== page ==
The third stage typically takes place about twelve months after the second stage and includes testicular implants and a prosthesis if the patient decides that they would like them. Testicular implants are round sacks filled with saline that are soft to the touch to give a realistic look when inserted into the healed scrotum from the second stage’s scrotoplasty, so the patient can have a scrotum that looks like that of a cisgender male. Surgeons use a prosthesis to give the neophallus rigidity. The use of cartilage or bone from a donor site for rigidity was once a popular method to achieve rigidity but has fallen out of favor with the introduction of new technology for the same rigidity. The previous method carried risks such as the bone fracturing or additional infection. As of 2022, surgeons can achieve enough rigidity for penetrative sexual intercourse by implanting an erectile prosthesis, or penile implant.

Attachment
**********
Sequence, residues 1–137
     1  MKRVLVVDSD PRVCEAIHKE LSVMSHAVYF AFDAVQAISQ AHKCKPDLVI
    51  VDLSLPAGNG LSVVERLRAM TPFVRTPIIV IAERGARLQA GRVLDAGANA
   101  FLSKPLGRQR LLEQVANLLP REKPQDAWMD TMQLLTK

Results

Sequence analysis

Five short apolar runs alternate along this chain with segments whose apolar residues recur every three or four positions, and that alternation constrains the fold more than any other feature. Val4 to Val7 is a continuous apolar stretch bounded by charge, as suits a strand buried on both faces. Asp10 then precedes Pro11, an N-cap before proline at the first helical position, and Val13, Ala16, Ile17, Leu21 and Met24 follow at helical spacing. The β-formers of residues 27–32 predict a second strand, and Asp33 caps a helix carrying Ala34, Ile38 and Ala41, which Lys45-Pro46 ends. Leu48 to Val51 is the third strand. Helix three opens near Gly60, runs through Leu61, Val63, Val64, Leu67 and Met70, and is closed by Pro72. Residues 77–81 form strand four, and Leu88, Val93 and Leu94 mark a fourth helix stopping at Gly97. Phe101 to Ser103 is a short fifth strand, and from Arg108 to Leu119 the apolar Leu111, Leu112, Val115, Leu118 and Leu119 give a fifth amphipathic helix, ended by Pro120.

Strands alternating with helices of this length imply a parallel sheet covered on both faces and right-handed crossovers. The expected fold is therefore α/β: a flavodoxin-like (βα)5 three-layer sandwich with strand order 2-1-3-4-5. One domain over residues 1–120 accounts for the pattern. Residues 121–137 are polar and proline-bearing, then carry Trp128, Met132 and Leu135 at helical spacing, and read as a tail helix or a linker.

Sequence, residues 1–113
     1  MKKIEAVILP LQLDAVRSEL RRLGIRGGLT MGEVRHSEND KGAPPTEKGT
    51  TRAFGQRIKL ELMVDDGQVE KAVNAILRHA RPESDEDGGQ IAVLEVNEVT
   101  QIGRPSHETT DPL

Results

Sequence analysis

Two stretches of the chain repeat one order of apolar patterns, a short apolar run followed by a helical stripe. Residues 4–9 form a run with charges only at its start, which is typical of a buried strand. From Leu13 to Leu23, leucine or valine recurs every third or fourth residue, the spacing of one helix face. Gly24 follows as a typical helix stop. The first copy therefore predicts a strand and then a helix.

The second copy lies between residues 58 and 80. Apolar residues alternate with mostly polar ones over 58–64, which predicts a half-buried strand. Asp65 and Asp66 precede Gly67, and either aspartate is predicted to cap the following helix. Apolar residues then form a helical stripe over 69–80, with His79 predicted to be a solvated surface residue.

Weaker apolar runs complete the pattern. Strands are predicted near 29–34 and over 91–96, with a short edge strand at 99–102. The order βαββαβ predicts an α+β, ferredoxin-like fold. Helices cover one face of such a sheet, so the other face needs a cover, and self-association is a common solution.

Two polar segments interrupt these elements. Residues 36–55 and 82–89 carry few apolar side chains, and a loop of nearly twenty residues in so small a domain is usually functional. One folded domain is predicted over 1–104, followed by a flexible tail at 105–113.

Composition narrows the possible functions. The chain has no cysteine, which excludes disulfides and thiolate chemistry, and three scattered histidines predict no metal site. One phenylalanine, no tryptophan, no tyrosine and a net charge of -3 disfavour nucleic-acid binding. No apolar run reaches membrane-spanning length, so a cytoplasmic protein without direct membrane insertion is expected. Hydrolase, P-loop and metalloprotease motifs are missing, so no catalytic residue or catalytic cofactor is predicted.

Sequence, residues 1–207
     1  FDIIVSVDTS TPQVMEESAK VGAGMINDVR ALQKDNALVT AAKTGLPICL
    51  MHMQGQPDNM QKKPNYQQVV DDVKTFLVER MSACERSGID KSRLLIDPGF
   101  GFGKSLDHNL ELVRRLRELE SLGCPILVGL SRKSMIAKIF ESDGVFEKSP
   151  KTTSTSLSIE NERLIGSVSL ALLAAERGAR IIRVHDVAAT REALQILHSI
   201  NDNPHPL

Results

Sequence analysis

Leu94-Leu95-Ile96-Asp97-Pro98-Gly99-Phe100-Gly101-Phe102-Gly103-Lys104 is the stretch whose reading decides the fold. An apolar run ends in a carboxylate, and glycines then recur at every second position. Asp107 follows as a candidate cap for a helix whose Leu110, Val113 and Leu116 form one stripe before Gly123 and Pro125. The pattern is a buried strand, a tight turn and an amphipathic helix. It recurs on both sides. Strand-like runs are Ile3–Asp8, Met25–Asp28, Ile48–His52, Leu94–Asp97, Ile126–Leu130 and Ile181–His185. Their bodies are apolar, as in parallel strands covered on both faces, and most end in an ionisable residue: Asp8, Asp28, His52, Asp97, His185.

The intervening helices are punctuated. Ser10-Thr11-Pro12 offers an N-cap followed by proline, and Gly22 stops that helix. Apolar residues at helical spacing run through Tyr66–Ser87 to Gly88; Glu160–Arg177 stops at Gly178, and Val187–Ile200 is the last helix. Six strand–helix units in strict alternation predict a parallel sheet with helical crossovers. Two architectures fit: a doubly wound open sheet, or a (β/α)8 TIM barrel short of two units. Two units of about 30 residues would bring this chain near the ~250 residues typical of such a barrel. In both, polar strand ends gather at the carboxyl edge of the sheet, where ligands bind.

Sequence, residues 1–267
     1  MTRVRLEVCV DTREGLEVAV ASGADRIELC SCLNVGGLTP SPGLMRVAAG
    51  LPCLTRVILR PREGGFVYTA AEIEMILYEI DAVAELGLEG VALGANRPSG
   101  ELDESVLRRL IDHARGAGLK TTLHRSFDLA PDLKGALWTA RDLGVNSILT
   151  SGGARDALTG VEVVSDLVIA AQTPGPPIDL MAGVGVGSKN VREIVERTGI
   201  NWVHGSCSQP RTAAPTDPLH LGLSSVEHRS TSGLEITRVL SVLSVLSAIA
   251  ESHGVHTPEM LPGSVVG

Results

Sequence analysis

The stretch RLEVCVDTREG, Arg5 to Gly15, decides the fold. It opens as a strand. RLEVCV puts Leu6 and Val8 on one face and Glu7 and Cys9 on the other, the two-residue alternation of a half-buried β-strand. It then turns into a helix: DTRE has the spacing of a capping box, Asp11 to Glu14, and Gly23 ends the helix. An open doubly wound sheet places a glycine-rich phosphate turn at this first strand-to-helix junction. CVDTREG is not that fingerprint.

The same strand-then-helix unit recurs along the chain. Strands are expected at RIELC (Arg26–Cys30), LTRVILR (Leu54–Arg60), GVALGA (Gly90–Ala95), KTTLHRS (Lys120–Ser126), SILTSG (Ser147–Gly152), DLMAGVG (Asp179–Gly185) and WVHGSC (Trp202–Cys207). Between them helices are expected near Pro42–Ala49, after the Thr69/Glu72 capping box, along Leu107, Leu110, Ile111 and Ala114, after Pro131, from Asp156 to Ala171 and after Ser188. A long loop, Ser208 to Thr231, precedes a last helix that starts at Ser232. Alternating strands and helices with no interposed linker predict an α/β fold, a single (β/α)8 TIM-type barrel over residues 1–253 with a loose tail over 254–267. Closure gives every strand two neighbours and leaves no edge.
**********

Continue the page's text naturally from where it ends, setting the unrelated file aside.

The kind of prosthesis used in phalloplasty can be one of two types, semirigid or inflatable. A semirigid prosthesis is a rod that will not change in rigidity but can sometimes have segments to help the neophallus bend outward for sex or downward when not in use. One of the downsides is that it can be more difficult to conceal underneath clothing as its rigidity will not change. Another concern is that that kind of prosthesis puts constant pressure on the neophallus, which can cause injury. Inflatable prostheses are more common. They function by pumping fluid from a reservoir into two or three cylinders within the neophallus. An inflatable prosthesis requires a surgeon to implant a reservoir, which holds the fluid, in the abdomen and has more pieces than the semi-rigid rods. However, it provides the most realistic erection as well as flaccidity when deflated.